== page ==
Call for papers
MISUSE AND ABUSE OF INTERACTIVE TECHNOLOGIES
Special Issue of Interaction Studies:
Social Behaviour and Communication in Biological and Artificial Systems
Current HCI research is witnessing a shift from a materialistic perspective
of viewing the computer as a tool for cognition to an experiential vision
where the computer becomes a medium for emotion. So far, investigations into
the user emotional engagement in computing have mainly addressed the
elicitation of positive feelings, including enjoyment, happiness, and fun.
Research in Funology (Blythe, Monk, Overbeeke, & Wright, 2003) echoes
Norman's conclusions about aesthetics: fun matters¬fun interfaces work
better. Unfortunately, enjoyment is not something added to an emotionally
neutral computing experience. The user's experiences are colored by a host
of emotions, many of them negative.
Workshops held at Interact2005 and CHI2006 (De Angeli, Brahnam, & Wallis,
2005; De Angeli, Brahnam, Wallis, & Dix, 2006) suggested that interface
design and metaphors can inadvertently rouse more than user dissatisfaction
and angry reactions: they can promote a wide range of negative behaviors
that are directed not only towards the machine but also towards other
people. The idea of a medium for emotion implies the possibility of harming
the user, designing computer programs which generate anger, sadness, fear,
The goal of this special issue is to address the darker side of HCI by
examining how computers sometimes bring about the expression of negative
emotions and disinhibited behaviour. We are interested, for example, in the
phenomena of human beings abusing their computers. Is it truly a form of
abuse? What consequences does it have on user¹s performance and interaction
design? Disinhibited behaviours directed against computers can take many
forms, ranging from verbally abusing a machine to physically attacking it.
In some cases, particularly in the case of embodied conversational agents,
there are questions about how the machine should respond to user abuses. We
are also interested in understanding the psychological underpinnings of
computer-mediated abuse and in exploring how HCI factors influence
human-to-human abuse in computer mediated communication. Key issues include,
but are not limited to:
* How does the misuse and abuse of the interface affect the user's
* How do different interface metaphors (embodied conversational characters,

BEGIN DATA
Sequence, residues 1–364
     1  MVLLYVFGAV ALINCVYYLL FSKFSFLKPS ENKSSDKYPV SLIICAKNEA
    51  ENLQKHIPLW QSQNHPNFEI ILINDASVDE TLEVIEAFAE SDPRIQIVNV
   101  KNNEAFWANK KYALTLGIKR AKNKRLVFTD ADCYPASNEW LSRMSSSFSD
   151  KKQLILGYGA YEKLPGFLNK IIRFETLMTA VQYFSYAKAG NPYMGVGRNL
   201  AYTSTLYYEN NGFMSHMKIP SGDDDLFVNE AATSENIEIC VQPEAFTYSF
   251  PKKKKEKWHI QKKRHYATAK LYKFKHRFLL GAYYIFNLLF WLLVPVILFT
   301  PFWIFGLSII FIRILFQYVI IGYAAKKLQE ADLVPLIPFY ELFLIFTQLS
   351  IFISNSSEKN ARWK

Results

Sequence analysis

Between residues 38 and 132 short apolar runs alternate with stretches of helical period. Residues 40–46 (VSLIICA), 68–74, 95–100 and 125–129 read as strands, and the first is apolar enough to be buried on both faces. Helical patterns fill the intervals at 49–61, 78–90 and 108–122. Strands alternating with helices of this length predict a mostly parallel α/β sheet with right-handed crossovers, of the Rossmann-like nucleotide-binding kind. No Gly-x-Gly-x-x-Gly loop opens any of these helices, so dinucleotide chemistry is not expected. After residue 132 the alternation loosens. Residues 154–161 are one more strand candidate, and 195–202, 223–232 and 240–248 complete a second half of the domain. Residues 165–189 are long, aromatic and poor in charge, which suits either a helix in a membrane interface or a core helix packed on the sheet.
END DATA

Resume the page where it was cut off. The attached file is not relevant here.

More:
windows, desktops, robots) shape a propensity to misuse or abuse the
* What design factors trigger or restrain disinhibited behaviors?
* How does technology-mediated abuse differ from other forms of abuse, e.g.,
the abuse of people, symbols, flags sacred objects, and personal property?
* How can we develop embodied conversational characters or robots that learn
to constrain users who engage in verbal abuse? Should ethical values for
human societies and HCI be identical? Do we even need to diffuse it?
* What social norms and values play a role on technology misuse and what
influence does the power distance between the agent/robot and the user have?
Blythe, M., Monk, A., Overbeeke, K., & Wright, P. (Eds.). (2003). Funology:
From Usability to Enjoyment. Boston: Kluwer, Academic Publisher.
De Angeli, A., Brahnam, S., & Wallis, P. (Eds.). (2005). Proceedings of the
Interact 2005 Workshop on Abuse: The dark side of Human-Computer
Interaction. Rome September 12.
De Angeli, A., Brahnam, S., Wallis, P., & Dix, A. (Eds.). (2006).
Proceedings of the CHI2006 workshop on Misuse and Abuse of Interactive
Technologies. Montreal, April 22.
Antonella De Angeli (University of Manchester), UK
Sheryl Brahnam (Missouri State University), US
Christoph Bartneck (Eindhoven University of Technology), NL
Catherine Pelachaud (Université de Paris 8), FR
Research articles should not exceed 8000 words. Contributions should be in
British or American English and should follow the American Psychological
Association (APA) style. Please submit an electronic file of your paper
(preferably in PDF), double spaced, with margins of 3 cm all round to:
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The first page of a manuscript should contain the title of the article, the
name, affiliation, email and postal address of each author. Followed by a
self-contained abstract in English (max. 150 words) that includes the
keywords pertaining to your article, and a biographical note about the
author(s) of not more than 100 words.
Authors intending to submit are encouraged to contact Antonella De Angeli as
soon as possible to discuss paper ideas and suitability for this issue.
* January 19th, 2007: Submission
* March 9th, 2007: Notification of acceptance
* April 6th, 2007: Submission of camera¬ ready version
Interaction Studies aims to advance knowledge in the growing and strongly
interdisciplinary area of interaction studies in biological and artificial
systems. It intends to act as a medium for dialogues across the boundaries
of academic disciplines for research into social behaviour and communication
that has traditionally been presented in separate specialist journals.
Editor-in-Chief: Kerstin Dautenhahn and James Hurford
Department of Computer Science, University of Hertfordshire, UK
University of Edinburgh, UK
Antonella De Angeli
Centre for Human-Computer Interaction Design
School of Informatics, the University of Manchester
Manchester M60 1QD, United Kingdom
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